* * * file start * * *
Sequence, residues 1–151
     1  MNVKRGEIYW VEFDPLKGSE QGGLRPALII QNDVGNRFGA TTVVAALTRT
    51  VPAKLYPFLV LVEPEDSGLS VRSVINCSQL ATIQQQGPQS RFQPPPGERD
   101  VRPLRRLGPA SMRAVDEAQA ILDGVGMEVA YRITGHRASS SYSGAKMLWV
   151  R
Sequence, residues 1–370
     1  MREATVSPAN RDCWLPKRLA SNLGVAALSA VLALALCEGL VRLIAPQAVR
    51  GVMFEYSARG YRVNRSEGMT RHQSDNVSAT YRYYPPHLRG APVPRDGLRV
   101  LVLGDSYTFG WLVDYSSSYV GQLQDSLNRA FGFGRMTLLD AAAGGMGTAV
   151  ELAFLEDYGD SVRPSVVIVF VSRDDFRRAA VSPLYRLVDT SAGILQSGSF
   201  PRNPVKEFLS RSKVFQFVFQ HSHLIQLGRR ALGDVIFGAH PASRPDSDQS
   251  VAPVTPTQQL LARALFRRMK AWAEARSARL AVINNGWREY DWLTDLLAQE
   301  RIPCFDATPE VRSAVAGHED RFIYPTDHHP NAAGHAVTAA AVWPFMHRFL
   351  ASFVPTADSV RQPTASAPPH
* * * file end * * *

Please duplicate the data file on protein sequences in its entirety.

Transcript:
Sequence, residues 1–151
     1  MNVKRGEIYW VEFDPLKGSE QGGLRPALII QNDVGNRFGA TTVVAALTRT
    51  VPAKLYPFLV LVEPEDSGLS VRSVINCSQL ATIQQQGPQS RFQPPPGERD
   101  VRPLRRLGPA SMRAVDEAQA ILDGVGMEVA YRITGHRASS SYSGAKMLWV
   151  R
Sequence, residues 1–370
     1  MREATVSPAN RDCWLPKRLA SNLGVAALSA VLALALCEGL VRLIAPQAVR
    51  GVMFEYSARG YRVNRSEGMT RHQSDNVSAT YRYYPPHLRG APVPRDGLRV
   101  LVLGDSYTFG WLVDYSSSYV GQLQDSLNRA FGFGRMTLLD AAAGGMGTAV
   151  ELAFLEDYGD SVRPSVVIVF VSRDDFRRAA VSPLYRLVDT SAGILQSGSF
   201  PRNPVKEFLS RSKVFQFVFQ HSHLIQLGRR ALGDVIFGAH PASRPDSDQS
   251  VAPVTPTQQL LARALFRRMK AWAEARSARL AVINNGWREY DWLTDLLAQE
   301  RIPCFDATPE VRSAVAGHED RFIYPTDHHP NAAGHAVTAA AVWPFMHRFL
   351  ASFVPTADSV RQPTASAPPH